Granted, so far you have to sit down in a lab and wear a magnetic hair-net to experience the effects I've described. But I wonder how many appliance-feeding magnetic-resonance transmitters we'll be able to load into our apartments before hallucinogenic hotspots start spontaneously appearing in our living rooms. At which point our local utility will reclassify these side-effects from "bug" to "feature", and add a small additional charge for "multisensory entertainment" onto our monthly power bill.

I'm actually kind of looking forward to it. It's bound to be cheaper than cable.

(Photo credit: Australian PC Authority)

Ramachandran, V.S., and Blakeslee, S. 1998. Phantoms in the Brain: Probing the Mysteries of the Human Mind. William Morrow, New York.
Kamitani, Y. and Shimojo, S. 1999. Manifestation of scotomas created by transcranial magnetic stimulation of human visual cortex. Nature Neuroscience 2: 767-771.
Hallett, M. 2000. Transcranial magnetic stimulation and the human brain. Nature 406: 147-150.
Goldberg, C. 2003. Zap! Scientist bombards brains with super-magnets to edifying effect. Boston Globe 14/1/2003, pE1.
Persinger, M.A. 2001 The Neuropsychiatry of Paranormal Experiences. J Neuropsychiatry & Clinical Neuroscience 13: 515-524.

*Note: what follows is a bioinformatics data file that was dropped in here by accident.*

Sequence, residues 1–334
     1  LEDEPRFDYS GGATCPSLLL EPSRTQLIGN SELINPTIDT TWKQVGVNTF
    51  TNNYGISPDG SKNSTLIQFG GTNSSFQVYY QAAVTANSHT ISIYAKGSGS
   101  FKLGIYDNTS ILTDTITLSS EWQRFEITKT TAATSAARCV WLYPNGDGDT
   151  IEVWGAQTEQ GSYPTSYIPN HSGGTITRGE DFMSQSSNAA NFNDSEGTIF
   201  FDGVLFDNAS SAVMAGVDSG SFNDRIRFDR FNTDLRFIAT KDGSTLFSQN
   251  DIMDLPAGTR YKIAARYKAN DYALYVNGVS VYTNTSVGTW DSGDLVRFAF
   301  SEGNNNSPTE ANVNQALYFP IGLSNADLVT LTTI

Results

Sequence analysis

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Blogger SpeakerToManagers said...

The way these things usually go, some enterprising MBA at Intel is going to figure out that they can use hallucinations as a marketing tool, and broadcast their ads right into our brains.

August 22, 2008 7:23 PM  
Anonymous rich said...

I for one welcome our magnetically induced overlord hallucinations.

August 22, 2008 8:28 PM  
Anonymous Julie K said...

On the plus side it would eliminate cords for the cat to chew on.

August 22, 2008 9:00 PM  
Anonymous Dave said...

Intel seem to be forgetting a lot of physics here. It's the electromagnetic force. Where you have magnetic fields you have electric fields inextricably.

The fact they can get away with saying this says a lot about standards of science education...

August 23, 2008 4:06 AM  
Blogger Keippernicus said...

I think we're missing some potential here. Rather than go bothering with powering entertainment and communication devices like remotes, cell phones laptops and all that via wireless power let's just cut out middle man and use the EM to beam the shit directly into our brains.

(I realize STM just said something about ads into the brain but why bother with such a narrow scope?)